For animals still laying eggs, the very last layer surrounding the baby developing in the egg is a soft bag which will eventually become a shell. Remember, the eggs are getting smaller. For those eggs, that “sort of bag” allows for gas exchange to and from the egg, which is how the secretions got there.

The live birth step began with that special amniote egg that allowed the transition from amphibian to reptile. In the egg, the embryo lived in life-maintaining fluids surrounded by a tough tissue. Around that was more fluid and then the egg shell. That tough tissue transitioned into a unique organ, a different sort of a bag. The bag was called the placenta, and communication between the mother’s body and that bag was by way of the umbilical cord. This placenta belongs to the baby not the mother.

Some pretty careful studies have shown that the process which led to the internal placenta drew upon some ancient genes—changes, remember, are always based on something that happened in the evolutionary line earlier. The reptiles had provided that tough tissue surrounding the fertilized egg. With those ancient genes, particularly genes involving growth and metabolism as a starting place, a pathway into the membrane developed. The pathway allowed for the nutrients formerly provided inside the egg to be provided instead inside the mother, via an umbilical cord. By a combination of copying and merging those ancient genes in different manners, the transition was made. The placenta for all species is not the same, although they all seem to start under the control of the same gene structure.

A Review of Brain Development

Reaching back almost to the beginning, our brain uses a communication system found in jellyfish, first appearing 600 million years ago. Their nerves and the manner they send signals are similar to ours. Your brain relies heavily on structures found in the animals that preceded us. The first known animal, sponges, appear just before jellyfish. They basically had a more primitive form of the communication system found in jellyfish BUT our brain still uses part of their communication system. How that process evolved between the first multicellular organism and sponges is unknown since fossils are not available.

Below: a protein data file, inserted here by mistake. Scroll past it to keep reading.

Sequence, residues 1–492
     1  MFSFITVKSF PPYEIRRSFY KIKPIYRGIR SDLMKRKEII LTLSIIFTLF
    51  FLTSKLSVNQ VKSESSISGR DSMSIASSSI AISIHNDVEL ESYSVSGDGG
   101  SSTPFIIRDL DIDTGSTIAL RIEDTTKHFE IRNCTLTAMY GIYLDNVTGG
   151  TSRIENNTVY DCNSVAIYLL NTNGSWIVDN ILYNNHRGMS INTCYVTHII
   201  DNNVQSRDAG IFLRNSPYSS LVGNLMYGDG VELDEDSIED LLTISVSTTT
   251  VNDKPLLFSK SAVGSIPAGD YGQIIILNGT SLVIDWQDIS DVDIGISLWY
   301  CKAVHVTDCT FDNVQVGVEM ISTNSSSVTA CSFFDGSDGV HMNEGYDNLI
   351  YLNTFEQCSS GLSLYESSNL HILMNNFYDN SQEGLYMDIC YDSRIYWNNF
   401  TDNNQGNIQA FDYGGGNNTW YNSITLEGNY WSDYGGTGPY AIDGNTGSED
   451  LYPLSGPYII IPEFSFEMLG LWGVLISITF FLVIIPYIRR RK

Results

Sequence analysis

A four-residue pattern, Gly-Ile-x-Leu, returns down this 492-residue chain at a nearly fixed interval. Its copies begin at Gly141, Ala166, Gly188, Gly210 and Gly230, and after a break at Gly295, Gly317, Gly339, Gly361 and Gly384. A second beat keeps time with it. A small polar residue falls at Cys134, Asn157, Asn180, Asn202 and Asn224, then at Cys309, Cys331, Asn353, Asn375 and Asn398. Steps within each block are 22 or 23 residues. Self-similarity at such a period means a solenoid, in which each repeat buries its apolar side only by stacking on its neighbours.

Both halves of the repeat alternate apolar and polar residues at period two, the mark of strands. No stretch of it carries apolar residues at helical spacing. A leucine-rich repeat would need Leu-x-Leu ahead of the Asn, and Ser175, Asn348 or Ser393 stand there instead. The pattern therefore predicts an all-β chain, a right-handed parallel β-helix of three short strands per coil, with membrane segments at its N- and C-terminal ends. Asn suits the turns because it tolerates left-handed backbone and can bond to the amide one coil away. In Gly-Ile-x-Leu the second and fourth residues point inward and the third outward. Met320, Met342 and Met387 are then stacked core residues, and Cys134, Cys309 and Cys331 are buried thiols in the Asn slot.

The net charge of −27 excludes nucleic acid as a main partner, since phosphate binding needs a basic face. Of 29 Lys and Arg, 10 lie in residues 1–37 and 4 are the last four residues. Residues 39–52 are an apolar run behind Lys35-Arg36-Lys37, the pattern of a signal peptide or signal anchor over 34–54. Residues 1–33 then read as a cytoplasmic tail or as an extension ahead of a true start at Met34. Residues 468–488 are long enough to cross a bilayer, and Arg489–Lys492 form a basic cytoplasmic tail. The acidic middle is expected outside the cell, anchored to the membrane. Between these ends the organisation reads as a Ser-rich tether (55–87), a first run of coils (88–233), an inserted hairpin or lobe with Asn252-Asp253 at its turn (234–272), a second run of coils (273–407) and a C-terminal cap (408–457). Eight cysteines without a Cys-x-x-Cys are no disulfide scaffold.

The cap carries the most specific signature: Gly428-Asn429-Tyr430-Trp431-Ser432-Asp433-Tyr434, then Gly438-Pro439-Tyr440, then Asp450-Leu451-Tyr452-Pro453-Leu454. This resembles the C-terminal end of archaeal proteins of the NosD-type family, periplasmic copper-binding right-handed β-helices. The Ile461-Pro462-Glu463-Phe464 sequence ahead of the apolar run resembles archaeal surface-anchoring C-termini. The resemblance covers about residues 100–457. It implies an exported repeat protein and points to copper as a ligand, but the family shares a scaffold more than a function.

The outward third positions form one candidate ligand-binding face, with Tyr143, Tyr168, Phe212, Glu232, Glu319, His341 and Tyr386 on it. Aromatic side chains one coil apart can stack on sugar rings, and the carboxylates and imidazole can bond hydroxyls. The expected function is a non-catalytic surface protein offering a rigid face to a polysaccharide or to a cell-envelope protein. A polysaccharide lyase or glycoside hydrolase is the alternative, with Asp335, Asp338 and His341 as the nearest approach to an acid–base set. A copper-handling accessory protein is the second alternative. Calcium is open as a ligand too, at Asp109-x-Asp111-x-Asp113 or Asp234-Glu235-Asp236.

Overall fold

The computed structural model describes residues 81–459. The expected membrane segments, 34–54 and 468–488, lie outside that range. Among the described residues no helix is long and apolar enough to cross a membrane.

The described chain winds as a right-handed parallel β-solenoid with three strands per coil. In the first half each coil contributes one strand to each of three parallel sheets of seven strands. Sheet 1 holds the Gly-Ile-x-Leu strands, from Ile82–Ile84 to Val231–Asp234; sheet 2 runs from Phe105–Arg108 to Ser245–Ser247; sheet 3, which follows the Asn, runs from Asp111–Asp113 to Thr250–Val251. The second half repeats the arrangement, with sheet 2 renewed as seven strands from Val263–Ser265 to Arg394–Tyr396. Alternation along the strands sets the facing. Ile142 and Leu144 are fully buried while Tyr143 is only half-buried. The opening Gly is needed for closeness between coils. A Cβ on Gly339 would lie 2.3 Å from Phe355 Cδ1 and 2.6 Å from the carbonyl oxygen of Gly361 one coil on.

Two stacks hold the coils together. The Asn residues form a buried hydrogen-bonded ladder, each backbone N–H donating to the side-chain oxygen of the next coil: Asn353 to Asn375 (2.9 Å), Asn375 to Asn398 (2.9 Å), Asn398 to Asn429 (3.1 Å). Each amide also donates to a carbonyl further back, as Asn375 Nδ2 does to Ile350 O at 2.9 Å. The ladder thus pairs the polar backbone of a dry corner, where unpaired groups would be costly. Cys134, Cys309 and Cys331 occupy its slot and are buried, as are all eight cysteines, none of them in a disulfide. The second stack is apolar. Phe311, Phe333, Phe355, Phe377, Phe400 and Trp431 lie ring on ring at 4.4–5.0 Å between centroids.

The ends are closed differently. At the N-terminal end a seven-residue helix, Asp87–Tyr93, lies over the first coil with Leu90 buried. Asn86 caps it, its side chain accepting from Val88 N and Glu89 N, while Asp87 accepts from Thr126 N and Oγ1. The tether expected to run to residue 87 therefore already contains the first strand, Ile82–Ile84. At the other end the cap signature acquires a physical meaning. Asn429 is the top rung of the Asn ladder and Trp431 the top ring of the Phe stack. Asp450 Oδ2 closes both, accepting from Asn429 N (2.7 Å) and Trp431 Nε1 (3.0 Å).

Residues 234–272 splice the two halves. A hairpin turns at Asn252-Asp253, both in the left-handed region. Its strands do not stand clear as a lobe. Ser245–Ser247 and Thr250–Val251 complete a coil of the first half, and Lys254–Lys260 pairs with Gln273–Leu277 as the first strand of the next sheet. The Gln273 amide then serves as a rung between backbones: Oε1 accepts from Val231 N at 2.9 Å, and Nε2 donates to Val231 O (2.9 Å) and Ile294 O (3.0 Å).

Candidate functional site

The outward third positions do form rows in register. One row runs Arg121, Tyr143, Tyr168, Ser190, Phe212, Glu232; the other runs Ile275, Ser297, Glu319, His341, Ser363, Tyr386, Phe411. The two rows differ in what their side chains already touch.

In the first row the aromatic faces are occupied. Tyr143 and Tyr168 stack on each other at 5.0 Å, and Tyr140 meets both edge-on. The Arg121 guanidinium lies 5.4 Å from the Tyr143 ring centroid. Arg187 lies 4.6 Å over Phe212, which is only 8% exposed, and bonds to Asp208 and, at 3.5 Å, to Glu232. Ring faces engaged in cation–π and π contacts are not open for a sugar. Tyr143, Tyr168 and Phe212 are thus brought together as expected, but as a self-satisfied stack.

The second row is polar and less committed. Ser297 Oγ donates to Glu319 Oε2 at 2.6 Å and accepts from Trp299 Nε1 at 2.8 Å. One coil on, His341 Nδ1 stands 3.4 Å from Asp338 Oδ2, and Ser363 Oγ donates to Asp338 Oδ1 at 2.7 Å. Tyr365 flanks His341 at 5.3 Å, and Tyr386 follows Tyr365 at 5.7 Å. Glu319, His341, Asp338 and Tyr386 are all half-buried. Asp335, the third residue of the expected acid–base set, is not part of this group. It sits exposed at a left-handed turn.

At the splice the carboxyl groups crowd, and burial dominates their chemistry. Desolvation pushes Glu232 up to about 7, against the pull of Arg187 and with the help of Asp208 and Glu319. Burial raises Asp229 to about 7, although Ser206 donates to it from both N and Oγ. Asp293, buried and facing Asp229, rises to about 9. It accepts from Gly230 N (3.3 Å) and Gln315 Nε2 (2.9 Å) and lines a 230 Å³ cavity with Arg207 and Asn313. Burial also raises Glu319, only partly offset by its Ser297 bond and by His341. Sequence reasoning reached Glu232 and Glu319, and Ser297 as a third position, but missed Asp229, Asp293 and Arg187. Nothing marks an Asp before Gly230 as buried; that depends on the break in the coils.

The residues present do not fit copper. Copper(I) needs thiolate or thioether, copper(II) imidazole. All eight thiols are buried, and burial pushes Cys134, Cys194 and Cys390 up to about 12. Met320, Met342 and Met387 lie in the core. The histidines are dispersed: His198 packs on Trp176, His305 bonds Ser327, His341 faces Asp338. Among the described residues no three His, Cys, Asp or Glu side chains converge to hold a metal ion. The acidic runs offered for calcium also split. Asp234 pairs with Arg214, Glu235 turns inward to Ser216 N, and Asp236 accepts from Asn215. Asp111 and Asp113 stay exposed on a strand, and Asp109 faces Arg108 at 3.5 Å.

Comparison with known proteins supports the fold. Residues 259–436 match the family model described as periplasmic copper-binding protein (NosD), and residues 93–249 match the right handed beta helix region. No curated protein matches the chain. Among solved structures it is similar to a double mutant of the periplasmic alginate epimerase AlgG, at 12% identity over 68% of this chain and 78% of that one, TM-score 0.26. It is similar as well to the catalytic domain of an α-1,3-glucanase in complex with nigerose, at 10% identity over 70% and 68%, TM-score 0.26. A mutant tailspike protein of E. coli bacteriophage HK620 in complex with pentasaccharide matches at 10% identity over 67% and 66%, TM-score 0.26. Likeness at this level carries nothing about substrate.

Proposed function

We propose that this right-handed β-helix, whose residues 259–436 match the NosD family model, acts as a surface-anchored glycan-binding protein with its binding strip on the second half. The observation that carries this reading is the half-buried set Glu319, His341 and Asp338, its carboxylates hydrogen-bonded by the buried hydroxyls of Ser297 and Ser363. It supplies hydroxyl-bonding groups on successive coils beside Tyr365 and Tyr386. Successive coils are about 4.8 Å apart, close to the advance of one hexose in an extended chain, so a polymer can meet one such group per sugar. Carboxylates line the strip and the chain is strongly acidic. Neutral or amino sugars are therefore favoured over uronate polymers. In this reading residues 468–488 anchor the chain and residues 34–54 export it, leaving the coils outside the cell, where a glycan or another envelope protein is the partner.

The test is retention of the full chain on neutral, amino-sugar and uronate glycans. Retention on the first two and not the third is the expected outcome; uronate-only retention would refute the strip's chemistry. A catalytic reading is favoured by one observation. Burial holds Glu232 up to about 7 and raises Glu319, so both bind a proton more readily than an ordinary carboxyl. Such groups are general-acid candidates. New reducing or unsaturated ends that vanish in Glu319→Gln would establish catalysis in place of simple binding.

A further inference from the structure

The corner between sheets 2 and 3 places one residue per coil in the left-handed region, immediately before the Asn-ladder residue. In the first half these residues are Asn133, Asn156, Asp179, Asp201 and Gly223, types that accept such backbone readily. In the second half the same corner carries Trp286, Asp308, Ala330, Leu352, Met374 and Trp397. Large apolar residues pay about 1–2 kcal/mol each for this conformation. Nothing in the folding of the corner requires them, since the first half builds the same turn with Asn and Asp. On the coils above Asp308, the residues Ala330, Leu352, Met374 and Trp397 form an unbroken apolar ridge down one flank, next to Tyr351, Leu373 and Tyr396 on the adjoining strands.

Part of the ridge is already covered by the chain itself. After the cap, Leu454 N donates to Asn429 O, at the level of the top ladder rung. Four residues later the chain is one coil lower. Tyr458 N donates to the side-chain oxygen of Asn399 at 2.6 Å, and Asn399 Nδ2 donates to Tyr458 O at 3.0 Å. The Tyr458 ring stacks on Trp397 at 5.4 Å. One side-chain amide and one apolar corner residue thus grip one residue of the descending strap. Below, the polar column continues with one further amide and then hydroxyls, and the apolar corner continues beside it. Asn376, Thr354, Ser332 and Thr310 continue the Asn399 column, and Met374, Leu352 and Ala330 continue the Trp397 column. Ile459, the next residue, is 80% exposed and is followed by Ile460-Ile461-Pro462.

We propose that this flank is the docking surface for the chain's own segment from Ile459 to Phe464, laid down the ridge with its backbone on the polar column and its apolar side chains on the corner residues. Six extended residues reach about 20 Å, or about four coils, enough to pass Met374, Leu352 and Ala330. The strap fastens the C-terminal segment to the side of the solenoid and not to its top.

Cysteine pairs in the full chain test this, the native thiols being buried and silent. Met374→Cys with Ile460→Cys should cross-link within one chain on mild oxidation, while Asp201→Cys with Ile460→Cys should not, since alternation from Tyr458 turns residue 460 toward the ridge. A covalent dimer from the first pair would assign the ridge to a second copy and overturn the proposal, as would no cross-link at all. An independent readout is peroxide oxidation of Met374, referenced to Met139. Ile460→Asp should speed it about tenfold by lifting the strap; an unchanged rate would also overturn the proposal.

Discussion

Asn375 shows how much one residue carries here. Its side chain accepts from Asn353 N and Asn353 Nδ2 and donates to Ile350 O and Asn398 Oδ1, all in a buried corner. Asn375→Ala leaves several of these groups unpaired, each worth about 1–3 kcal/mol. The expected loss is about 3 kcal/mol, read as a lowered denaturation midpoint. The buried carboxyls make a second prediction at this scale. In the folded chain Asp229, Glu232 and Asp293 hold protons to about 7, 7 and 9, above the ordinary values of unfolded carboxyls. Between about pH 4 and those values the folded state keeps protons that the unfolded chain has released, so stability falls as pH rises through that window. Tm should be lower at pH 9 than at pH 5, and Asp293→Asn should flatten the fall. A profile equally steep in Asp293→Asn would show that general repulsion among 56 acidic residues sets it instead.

Worms are the simplest organisms to have a central nervous system, allowing them to exhibit more complex forms of behavior. Insects have a small but remarkable brain which can, for example, permit the cockroach to dart away as soon as it senses the moving air preceding a quickly descending human foot. The insect brain controls crawling, hopping, swimming, flying, burrowing, mating, and you-name-it.

An animal’s information system runs up the spine to the brain. Vertebrates, with that stiff spine, improve the protection of the information system. In early vertebrates, one part of the brain controlled behaviors that had happened again and again. Those automatic responses are sort of like cruise control on a car. A bird flies straight at your head. You do not stop and ponder, “Hmm. Should I duck?” No. Your conscious brain is too slow; a reflex established in antiquity makes you duck.

Science quarrels when the first brain appears, but the more important question is “What does the brain do?” Basically, it signals; it communicates; it directs traffic.

Without using the term “brain,” signaling began with life. From the beginning, cells had a communication system. Without one, how else could the DNA of the first bacteria direct the organism to make a copy of itself and then reproduce by splitting that copy off? Each of those steps, from no-life to life, from bacteria to eukaryotes, eukaryotes to multicellular, multicellular to jellyfish, required cells signaling one another. For sure, the brain was more organized when vertebrates had it at the end of a central nervous system. But communication among cells had to begin with life itself.